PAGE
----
Subjects; Labor’s City Partnerships policy
DEBORAH KNIGHT: Anthony Albanese, Shadow Cities Minister, joins us on the line. Albo, hello to you.
ANTHONY ALBANESE: G’day Deb.
KNIGHT: A big issue you’ve got here, trying to fix our cities.
ALBANESE: Look it’s an enormous issue and it’s one that impacts on every one of your listeners if they live in a city like Sydney. Right now they know that our roads are overcrowded, they know that there’s issues with community infrastructure, a failure to have enough schools, somewhere for the kids to play sport and that’s really a product of bad planning.
So what we’re proposing with City Partnerships is essentially that the three levels of government would work together to ensure that we not only avoid the mistakes of the past, but we get quality buildings. We get quality planning. We make sure that we don’t either do what has happened for a long time, which is outer suburban growth without proper community infrastructure, without thinking about where the jobs are going to come from, or infill (inaudible). That’s happening in places like Wolli Creek, which is very close to me you have considerable population growth but not a single new school, no increased health facilities at the local hospital, no additional parks for the kids to play. My boy played soccer for a number of years. Last year there were three or four shifts every night for training because there simply isn’t enough open space.
KNIGHT: Well it’s a huge issue and I think the encroaching cities are playing havoc with your phone in fact. So wriggle around a little bit because we’ve got a bit of a dodgy phone line with you. But we know that City Deals and urban planning is something that the Prime Minister has looked closely at and he introduced his City Deals program himself. Why is he failing? What’s so wrong with that plan?
ALBANESE: Look we think it’s a good thing that you have a Prime Minister that is interested in urban policy. But the problem is that the City Deals so far have essentially been in marginal electorates with commitments that have been about electoral politics. There’s no framework, there’s no guidelines for them, there’s no involvement from the bottom up of the communities that are represented. So, for example the Western Sydney City Deal, each of the Mayors was asked to sign the deal without knowing what was in it for the region and without the centrepiece of it, which is of course the Western Sydney Rail Line and there’s no funding from either level of government for actual construction for that rail line in either of the budgets that were introduced earlier this year.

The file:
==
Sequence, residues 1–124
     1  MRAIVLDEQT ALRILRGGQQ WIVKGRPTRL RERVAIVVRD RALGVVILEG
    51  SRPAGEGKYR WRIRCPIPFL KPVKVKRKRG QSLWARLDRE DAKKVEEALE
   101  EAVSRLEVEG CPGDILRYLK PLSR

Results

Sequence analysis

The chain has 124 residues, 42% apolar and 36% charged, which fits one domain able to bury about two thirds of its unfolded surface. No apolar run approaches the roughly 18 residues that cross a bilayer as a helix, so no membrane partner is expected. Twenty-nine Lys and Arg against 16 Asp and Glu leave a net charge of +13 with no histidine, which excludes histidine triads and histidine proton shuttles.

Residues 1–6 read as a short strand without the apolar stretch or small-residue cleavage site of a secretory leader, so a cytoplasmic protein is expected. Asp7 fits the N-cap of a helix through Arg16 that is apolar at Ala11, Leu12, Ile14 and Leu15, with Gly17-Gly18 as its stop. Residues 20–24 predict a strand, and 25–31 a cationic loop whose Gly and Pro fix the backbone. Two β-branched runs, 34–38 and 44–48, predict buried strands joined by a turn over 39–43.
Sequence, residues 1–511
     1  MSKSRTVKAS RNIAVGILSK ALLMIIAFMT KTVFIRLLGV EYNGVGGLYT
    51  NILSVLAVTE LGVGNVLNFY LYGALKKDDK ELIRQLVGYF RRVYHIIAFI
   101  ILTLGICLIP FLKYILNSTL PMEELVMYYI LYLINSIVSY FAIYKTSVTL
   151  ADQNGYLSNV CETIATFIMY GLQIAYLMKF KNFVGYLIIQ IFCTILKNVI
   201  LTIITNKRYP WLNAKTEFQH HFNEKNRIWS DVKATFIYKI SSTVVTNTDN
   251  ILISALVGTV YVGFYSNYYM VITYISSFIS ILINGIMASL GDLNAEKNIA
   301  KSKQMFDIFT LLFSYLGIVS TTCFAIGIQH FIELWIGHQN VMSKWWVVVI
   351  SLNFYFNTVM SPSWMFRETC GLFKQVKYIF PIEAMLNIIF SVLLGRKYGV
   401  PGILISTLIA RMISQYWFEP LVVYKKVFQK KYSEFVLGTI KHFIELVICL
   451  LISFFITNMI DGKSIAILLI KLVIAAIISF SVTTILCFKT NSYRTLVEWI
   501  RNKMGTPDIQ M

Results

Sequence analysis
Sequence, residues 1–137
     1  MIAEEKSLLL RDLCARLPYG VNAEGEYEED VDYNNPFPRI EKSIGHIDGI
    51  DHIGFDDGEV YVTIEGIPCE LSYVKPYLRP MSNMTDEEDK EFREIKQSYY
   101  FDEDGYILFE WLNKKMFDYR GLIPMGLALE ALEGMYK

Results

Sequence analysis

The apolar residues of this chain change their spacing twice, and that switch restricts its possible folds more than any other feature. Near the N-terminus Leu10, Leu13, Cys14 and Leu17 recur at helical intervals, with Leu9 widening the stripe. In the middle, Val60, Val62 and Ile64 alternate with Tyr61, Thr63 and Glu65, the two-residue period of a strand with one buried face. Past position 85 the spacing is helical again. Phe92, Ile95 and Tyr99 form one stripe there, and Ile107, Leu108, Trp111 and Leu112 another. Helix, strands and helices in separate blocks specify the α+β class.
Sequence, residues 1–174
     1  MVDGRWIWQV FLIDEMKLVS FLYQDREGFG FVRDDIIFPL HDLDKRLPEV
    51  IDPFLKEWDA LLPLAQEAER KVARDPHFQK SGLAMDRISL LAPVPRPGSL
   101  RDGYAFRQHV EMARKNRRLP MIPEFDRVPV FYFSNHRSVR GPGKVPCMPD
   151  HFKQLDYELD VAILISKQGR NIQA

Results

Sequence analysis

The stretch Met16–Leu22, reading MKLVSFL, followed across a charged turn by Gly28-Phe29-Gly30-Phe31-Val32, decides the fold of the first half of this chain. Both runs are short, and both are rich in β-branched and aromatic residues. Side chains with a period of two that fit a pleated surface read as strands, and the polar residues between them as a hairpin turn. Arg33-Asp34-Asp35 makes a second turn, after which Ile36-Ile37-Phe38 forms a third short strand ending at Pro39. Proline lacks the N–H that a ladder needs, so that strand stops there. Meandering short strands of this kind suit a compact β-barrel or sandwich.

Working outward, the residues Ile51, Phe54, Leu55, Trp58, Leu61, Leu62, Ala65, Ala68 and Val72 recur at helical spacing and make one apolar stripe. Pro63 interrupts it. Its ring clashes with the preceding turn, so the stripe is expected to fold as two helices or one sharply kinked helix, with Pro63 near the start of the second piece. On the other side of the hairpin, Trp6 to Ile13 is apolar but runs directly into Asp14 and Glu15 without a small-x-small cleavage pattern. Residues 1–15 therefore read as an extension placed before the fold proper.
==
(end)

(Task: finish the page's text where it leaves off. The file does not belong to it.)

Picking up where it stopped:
KNIGHT: Albo, we’ve got a question from one of our listeners. Chris in Lilyfield what’s your question to Anthony Albanese?
CALLER: Mr Albanese I appreciate the way you think and it’s great and I like the way you discuss problems with everybody and that’s wonderful, but I think if you go to the root cause of why we’re having all of this incredible – I’m afraid 75 now, so I’ve seen a few years – It seems that most of the problems we are now faced with are due to too many people trying to do too much and the government requiring too much money to try to catch up with the amount of population we’ve got. How do we control it?
KNIGHT: What do you think about that Albo? Population growth…
ALBANESE: Well certainly population growth is placing pressure, particularly we can’t continue to have circumstances whereby you have all of the population growth concentrated in just a couple of cities, particularly Sydney and Melbourne. There’s no doubt that that is creating pressure and part of that is making sure that the planning happens in terms of where jobs are being created, so we grow our regional cities as well.
ALBANESE: One of the things that I mentioned last night was the Hunter Valley Councils who’ve all come together. They have a common first priority project which is the completion of the Glendale Interchange. Now what that’s about is essentially a piece of infrastructure that will transform that area around the old Cardiff industrial area.
KNIGHT: Well infrastructure is so key to it all and that’s what we need to see. But look it’s good that you’re tackling this issue. It’s sort of thing you’d assume with this policy, Albo, that an aspiring PM would be doing, so you know you’re obviously keeping Bill Shorten on his game.
ALBANESE: Well I’m doing my job as the Cities Shadow Minister and I’ll continue to do that job and work hard on policy. One of the things that the Opposition has done, under Bill Shorten, is we’ve put out more policy than any Opposition in living memory.
KNIGHT: All right.
ALBANESE: That’s a good thing. It means we’ll be prepared if we’re successful in forming a government.
KNIGHT: All right well we’ll see how you go in the Super Saturday by-elections coming up as well. Anthony Albanese thanks for your time.
ALBANESE: Thanks for having me on Deb.
KNIGHT: Anthony Albanese there.